Welcome To KEY TO THE CITY's Page For
Collin County, Texas
75023, 75024, 75025, 75026, 75074, 75075, 75086, 75093, 75094
All-America City Award in 1994
Chamber of Commerce.
Historical information about Plano - including a history of Plano and an historical walking tour for you to take on-line
One of the founders, Dr.Dye, wanted a proper name for their community now that they were more established. He requested the name of Fillmore, honoring the President of the United States. The name of Foreman was suggested for one of the other founders, but William Foreman said no. Dr. Dye then put forth the name of Plano. He believed the name in Spanish meant "plain" - describing the area. This name was accepted and Plano was officially a town. It was incorporated in June of 1873.
A complete history of Plano, Texas can be found in a book entitled, "Plano, Texas: The Early Years." All of the Plano libraries (Harrington, Haggard, Davis, and Schimelpfenig) have several copies of this book. Copies can also be purchased at the Heritage Farmstead Museum.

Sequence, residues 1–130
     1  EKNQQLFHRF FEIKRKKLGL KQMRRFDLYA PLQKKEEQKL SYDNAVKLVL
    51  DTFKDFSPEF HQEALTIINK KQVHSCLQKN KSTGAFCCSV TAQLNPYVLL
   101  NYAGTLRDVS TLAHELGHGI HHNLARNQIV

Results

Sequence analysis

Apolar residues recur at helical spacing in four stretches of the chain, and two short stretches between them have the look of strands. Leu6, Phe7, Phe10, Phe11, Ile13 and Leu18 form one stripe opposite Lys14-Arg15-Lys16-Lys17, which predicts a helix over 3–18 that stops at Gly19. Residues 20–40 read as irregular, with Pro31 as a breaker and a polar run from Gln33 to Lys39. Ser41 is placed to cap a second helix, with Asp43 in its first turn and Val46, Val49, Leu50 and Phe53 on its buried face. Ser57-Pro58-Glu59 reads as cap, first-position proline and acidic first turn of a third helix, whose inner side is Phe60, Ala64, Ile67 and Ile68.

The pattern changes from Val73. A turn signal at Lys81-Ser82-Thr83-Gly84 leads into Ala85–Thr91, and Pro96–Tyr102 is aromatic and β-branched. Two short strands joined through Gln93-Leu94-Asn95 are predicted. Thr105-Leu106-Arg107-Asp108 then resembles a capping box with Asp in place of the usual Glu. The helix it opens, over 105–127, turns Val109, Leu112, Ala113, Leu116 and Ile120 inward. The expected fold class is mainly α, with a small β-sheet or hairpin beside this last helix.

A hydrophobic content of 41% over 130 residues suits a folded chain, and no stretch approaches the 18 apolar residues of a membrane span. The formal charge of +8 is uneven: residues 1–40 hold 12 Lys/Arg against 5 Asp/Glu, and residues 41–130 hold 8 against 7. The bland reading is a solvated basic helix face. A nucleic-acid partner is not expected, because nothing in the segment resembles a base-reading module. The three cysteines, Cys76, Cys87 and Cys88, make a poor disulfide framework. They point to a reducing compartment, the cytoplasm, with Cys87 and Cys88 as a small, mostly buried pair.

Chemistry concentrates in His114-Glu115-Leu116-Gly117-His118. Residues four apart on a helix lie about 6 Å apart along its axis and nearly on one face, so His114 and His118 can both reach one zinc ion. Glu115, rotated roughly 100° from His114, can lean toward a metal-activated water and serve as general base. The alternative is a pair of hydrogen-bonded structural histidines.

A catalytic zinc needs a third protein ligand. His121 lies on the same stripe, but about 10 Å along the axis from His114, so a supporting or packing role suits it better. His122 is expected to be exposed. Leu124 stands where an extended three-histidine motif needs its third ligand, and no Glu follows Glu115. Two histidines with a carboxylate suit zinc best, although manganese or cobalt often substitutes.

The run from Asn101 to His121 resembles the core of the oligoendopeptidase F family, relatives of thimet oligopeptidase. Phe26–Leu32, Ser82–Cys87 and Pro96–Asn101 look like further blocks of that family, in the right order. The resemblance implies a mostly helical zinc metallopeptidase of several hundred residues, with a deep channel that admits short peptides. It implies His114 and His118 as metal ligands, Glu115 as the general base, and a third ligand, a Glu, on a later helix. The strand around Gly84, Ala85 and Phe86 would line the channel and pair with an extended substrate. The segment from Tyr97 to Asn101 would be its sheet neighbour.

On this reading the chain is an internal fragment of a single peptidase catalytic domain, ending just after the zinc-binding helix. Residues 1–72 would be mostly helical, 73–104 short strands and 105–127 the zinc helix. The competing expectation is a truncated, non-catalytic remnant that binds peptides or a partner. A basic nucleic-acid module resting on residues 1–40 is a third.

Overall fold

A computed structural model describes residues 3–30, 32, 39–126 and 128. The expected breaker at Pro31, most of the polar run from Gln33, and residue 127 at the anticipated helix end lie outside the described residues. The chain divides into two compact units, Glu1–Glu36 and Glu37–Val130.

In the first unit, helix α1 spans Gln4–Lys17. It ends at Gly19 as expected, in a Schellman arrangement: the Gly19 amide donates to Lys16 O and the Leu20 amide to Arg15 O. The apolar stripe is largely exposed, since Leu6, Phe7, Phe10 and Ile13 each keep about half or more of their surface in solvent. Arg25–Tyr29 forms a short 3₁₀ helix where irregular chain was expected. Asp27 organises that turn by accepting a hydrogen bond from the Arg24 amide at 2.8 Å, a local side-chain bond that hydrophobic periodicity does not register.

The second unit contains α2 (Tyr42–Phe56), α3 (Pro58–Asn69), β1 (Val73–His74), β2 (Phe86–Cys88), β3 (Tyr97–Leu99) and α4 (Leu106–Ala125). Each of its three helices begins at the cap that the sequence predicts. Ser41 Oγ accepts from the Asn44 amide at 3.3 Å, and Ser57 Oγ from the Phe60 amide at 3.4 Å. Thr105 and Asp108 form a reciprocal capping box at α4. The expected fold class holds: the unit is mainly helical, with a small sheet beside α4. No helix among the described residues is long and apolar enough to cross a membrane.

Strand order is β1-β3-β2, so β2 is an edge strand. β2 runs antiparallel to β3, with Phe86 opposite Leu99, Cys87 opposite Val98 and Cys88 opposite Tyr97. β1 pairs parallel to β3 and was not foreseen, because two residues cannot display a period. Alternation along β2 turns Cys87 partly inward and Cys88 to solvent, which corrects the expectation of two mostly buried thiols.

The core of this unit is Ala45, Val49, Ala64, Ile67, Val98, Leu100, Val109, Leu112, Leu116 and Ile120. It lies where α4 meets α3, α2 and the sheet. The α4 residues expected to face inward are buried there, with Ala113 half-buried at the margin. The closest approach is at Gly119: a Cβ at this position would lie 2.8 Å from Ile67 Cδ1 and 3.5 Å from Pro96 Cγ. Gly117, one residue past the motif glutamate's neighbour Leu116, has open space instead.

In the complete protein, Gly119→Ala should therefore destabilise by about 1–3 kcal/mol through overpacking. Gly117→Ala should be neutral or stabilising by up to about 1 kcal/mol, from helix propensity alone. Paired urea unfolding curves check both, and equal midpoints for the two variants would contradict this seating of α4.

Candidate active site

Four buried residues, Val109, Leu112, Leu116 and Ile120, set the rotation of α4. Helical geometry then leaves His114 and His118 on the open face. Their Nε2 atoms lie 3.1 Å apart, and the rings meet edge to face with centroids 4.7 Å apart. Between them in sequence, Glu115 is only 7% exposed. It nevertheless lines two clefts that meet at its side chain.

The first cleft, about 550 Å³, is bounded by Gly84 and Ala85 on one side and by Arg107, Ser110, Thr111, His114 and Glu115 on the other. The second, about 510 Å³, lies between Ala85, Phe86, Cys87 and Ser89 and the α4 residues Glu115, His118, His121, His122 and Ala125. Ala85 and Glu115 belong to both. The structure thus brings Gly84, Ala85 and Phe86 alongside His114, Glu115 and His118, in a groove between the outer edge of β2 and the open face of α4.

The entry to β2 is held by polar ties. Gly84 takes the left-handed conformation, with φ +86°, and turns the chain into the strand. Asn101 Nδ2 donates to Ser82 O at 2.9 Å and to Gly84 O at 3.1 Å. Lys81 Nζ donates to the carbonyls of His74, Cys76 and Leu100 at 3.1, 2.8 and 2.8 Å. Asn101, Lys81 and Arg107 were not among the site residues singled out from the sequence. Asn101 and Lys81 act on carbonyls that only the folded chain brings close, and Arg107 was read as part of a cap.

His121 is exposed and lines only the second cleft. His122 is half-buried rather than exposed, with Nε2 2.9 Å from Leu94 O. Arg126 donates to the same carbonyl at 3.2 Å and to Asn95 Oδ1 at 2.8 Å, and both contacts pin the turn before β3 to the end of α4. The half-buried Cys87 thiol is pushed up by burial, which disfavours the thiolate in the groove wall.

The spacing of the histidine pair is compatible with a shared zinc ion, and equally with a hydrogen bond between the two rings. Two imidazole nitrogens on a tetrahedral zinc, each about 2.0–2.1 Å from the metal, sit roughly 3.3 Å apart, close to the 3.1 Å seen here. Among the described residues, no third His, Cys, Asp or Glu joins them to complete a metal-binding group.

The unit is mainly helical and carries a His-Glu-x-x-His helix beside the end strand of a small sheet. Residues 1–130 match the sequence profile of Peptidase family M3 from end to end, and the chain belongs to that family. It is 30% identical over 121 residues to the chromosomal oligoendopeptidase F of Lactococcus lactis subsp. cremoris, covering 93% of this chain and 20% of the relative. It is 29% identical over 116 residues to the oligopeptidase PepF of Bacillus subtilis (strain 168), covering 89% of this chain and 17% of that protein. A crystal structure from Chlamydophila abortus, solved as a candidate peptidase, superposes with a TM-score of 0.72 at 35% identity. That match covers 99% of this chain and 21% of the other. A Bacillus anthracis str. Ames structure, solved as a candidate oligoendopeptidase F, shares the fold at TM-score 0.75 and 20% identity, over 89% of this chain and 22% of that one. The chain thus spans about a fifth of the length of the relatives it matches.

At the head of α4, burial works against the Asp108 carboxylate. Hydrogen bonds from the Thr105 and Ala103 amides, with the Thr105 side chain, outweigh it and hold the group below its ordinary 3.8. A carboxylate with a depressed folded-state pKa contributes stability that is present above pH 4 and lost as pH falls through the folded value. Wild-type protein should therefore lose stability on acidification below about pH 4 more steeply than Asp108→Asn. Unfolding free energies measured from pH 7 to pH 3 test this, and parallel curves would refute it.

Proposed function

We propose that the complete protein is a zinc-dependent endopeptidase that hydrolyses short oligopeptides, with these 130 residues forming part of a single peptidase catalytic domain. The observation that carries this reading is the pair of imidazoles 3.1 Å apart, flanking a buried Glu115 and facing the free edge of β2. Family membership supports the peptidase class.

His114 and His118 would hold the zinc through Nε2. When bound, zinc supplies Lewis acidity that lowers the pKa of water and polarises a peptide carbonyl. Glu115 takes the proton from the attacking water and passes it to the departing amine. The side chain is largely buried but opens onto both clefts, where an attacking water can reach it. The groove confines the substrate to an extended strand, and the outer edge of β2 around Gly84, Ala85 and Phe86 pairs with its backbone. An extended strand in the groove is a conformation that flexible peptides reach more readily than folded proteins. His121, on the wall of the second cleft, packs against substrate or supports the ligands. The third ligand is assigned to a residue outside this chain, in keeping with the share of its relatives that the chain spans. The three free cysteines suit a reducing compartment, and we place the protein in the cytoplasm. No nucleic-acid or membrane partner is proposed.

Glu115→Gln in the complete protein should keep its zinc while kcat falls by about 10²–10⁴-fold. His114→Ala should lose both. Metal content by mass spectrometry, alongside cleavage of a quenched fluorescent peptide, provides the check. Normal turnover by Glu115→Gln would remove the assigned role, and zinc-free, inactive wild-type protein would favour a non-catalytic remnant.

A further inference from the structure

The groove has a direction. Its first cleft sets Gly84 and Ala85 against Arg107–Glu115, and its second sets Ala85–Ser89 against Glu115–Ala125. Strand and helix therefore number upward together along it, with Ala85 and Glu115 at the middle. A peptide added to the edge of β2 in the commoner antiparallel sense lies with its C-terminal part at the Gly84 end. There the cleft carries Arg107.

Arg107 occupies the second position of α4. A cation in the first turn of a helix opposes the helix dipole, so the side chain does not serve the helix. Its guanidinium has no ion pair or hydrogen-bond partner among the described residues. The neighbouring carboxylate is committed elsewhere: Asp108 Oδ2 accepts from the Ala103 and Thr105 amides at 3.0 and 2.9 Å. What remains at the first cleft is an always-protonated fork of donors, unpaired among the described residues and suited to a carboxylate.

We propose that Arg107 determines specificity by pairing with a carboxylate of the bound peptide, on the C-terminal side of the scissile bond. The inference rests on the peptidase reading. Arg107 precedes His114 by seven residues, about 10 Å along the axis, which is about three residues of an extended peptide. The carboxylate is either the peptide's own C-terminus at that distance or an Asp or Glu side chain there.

Most of the City of Plano was destroyed by fire nearly one hundred years ago, so few of the original buildings of the city still exist. However, several homes of pioneering families (Carpenter, Wyatt, etc.) were rebuilt after the fire and still exist in downtown Plano near 15thStreet (Norman F. Whitsitt Parkway/FM 544) and Avenue K (State Highway 5).
The City also runs the Interurban Museum complete with a real Interurban train car downtown. The Interurban once connected the cities of Sherman, McKinney, Allen, Plano, Richardson, and Dallas. This museum, along with other historical sites, are located in Haggard Park.
Outside of downtown, visitors should go to the Heritage Farmstead Museum at 15th Street (Norman F. Whitsitt Parkway) & Custer Road (FM 2478), a working historical farm and museum of the city's early history. Of the large farming families' homesteads, only the Wells Homestead exists. It has been restored and is at Coit Road and Spring Creek Parkway. The old Haggard, Daffron, and Rasor homesteads have been destroyed.
Also of note is Rowlett Creek Cemetery at Custer Road and SH 121. Lucy Rasor and several other civic leaders reorganized this cemetery to ensure its preservation. It includes the graves of several historic families including Harringtons, Rasors, etc.
Learn more about Plano at PlanoOnline.com
Heard Natural Science Museum & Wildlife Sanctuary
1 Nature Place
McKinney, Texas 75069
About 5 miles from Plano
Well-known as the location for the "Dallas" television series. Not this ranch is open for tours as well as for special events.
Plano has a Council-Manager form of government